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Celestial Imagery in Native American Art, currently ongoing at Quintana Galleries, illustrates celestial imagery and objects often found in Native American artwork. Images such as the sun, moon, stars, and clouds act as sources of guidance, givers of life, sources of light, and bringers of the seasons. All of this gives significance to the important life cycles. We often see this reflected in the form of Moon Masks, Sun Masks, Kachinas, Cloud Deities, and other mythical creatures.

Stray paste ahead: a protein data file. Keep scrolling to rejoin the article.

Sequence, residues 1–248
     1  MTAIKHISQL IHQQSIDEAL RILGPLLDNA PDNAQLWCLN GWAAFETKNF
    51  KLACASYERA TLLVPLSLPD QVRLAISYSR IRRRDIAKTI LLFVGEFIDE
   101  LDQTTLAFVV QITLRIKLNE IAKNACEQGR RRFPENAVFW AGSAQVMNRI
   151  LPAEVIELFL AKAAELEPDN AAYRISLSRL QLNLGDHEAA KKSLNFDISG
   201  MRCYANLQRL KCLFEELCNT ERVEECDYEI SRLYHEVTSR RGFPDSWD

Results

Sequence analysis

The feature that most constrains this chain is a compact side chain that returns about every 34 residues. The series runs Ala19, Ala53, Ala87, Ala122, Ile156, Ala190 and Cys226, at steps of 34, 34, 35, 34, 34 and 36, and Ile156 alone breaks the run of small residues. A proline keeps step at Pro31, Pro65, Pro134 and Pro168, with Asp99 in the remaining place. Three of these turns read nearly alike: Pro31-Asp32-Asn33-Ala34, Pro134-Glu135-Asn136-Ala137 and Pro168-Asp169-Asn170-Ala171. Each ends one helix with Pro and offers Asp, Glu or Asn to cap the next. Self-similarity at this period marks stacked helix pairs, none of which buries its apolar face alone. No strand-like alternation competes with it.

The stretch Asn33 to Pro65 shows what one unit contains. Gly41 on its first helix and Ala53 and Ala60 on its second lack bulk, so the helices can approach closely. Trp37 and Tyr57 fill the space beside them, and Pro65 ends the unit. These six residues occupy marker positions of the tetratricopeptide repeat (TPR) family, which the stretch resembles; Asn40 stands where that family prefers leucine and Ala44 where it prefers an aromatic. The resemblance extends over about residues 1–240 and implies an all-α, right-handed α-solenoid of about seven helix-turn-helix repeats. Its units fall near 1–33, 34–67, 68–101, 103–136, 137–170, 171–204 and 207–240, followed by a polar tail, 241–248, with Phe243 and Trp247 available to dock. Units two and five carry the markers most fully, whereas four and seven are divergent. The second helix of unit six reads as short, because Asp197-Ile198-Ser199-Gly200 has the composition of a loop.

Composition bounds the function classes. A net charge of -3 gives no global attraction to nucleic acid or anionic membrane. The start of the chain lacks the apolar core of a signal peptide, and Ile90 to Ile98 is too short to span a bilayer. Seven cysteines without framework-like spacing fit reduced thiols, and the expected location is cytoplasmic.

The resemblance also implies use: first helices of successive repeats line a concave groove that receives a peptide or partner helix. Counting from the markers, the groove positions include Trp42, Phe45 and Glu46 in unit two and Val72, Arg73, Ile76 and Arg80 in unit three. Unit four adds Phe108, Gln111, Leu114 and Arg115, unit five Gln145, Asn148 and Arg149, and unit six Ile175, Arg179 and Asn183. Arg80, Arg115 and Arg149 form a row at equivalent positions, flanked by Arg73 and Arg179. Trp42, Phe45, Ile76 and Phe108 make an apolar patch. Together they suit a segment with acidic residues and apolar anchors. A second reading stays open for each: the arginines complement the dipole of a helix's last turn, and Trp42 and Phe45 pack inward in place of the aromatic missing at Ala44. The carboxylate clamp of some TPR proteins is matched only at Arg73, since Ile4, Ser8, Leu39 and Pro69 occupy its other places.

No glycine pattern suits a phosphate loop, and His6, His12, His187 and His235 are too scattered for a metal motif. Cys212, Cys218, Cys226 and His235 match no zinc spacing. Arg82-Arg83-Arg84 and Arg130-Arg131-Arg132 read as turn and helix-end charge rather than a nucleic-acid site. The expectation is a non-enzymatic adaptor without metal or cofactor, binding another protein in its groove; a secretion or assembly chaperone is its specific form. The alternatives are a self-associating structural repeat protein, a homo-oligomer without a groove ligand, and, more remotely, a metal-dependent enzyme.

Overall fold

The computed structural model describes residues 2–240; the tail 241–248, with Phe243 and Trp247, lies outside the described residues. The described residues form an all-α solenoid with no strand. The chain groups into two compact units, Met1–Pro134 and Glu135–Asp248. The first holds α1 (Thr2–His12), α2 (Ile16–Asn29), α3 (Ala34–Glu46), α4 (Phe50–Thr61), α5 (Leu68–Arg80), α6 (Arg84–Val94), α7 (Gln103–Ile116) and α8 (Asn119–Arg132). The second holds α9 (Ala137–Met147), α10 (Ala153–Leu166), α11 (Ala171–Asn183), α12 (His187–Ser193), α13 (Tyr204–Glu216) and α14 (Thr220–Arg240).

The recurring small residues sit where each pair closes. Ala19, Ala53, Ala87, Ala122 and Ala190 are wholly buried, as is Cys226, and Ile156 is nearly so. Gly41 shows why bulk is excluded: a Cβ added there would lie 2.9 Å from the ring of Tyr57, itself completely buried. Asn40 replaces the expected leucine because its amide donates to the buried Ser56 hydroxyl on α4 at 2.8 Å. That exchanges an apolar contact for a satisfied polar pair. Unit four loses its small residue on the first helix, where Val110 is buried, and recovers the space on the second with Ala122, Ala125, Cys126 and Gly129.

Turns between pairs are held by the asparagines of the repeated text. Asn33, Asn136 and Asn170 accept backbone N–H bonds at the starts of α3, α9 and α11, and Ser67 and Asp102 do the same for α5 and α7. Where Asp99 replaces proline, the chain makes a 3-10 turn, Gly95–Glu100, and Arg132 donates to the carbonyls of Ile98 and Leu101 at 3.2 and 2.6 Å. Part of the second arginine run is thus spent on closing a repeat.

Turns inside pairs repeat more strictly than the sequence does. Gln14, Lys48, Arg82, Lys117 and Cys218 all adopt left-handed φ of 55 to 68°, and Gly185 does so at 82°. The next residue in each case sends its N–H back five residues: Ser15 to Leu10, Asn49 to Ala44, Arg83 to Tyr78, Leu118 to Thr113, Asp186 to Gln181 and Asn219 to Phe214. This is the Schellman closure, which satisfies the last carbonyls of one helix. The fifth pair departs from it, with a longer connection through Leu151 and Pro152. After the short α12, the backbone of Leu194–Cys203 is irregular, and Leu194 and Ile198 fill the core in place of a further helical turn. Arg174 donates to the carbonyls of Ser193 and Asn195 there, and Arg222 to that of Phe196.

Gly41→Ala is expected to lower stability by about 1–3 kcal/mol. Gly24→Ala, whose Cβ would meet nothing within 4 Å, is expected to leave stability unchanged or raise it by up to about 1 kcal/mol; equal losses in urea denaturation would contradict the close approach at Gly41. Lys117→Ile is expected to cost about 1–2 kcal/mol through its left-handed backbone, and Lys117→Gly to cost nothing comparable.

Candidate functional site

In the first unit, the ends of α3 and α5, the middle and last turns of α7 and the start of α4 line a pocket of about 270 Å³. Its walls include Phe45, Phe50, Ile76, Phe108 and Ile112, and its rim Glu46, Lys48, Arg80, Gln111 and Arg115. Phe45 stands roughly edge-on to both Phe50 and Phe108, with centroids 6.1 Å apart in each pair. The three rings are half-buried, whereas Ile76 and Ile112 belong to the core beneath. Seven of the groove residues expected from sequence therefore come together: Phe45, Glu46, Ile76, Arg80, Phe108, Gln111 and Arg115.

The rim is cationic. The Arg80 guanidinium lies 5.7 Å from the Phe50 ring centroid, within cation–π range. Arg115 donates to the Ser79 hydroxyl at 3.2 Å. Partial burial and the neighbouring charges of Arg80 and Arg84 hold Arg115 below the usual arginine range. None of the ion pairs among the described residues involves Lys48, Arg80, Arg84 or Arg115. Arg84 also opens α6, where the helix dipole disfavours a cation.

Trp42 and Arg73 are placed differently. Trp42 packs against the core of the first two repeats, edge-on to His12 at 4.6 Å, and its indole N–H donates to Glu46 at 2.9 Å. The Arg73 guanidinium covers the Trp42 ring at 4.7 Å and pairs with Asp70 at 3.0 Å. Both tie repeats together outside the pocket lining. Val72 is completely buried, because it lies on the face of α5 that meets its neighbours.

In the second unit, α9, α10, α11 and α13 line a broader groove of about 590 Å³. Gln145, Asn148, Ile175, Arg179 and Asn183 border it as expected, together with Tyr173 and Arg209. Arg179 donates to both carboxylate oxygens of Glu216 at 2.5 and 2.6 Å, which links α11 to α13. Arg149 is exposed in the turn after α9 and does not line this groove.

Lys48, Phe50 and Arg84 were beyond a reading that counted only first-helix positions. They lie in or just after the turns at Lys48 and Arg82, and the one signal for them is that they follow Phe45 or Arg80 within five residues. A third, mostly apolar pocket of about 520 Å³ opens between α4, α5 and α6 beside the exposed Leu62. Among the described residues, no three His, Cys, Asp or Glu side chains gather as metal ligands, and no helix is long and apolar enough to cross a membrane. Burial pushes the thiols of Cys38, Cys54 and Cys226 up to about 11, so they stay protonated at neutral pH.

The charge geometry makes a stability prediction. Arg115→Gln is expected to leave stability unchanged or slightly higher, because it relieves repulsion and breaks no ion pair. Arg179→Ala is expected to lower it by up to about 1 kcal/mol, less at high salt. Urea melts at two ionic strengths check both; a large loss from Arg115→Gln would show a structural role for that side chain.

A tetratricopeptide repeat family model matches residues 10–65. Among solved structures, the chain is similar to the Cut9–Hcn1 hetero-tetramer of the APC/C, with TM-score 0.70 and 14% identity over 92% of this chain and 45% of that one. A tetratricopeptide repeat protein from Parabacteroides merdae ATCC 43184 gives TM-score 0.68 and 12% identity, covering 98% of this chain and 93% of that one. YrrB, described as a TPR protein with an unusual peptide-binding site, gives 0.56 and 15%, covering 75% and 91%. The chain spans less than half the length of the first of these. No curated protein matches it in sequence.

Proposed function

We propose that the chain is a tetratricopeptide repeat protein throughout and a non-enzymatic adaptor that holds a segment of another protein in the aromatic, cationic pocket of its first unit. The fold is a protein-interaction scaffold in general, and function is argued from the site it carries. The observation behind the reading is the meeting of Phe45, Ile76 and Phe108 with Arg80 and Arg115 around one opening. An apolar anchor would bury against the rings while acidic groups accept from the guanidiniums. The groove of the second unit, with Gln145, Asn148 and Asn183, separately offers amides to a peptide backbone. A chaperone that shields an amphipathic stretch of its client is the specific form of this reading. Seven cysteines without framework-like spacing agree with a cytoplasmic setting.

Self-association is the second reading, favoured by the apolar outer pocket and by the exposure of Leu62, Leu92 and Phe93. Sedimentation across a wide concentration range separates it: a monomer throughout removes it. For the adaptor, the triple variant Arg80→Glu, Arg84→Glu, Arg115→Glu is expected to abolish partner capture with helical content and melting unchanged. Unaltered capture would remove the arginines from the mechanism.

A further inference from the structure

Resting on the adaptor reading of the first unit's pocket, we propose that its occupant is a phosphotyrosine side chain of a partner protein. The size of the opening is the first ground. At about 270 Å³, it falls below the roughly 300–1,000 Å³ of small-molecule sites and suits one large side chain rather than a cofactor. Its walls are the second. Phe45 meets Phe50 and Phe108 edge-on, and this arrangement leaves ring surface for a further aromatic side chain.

In the Northwest Coast cosmos, there are four realms: the Under Sea World, the Mortal World, the Spirit World, and the Sky World. All four domains are significant, but it is the Sky World that dominates legend and life. The Kwakwaka’wakw people see the Sun as an old man who walks in stately grace across the sky every day. The Moon is associated with transformation, and is widely regarded as an important protector and guardian spirit. Because of the powers of Moon, shamans sometimes call upon it as a spirit guide. In the outer extremes of the sky lives Thunderbird, who by ruffling his feathers create great thunder storms, and by blinking his eyes create bolts of lightning. 

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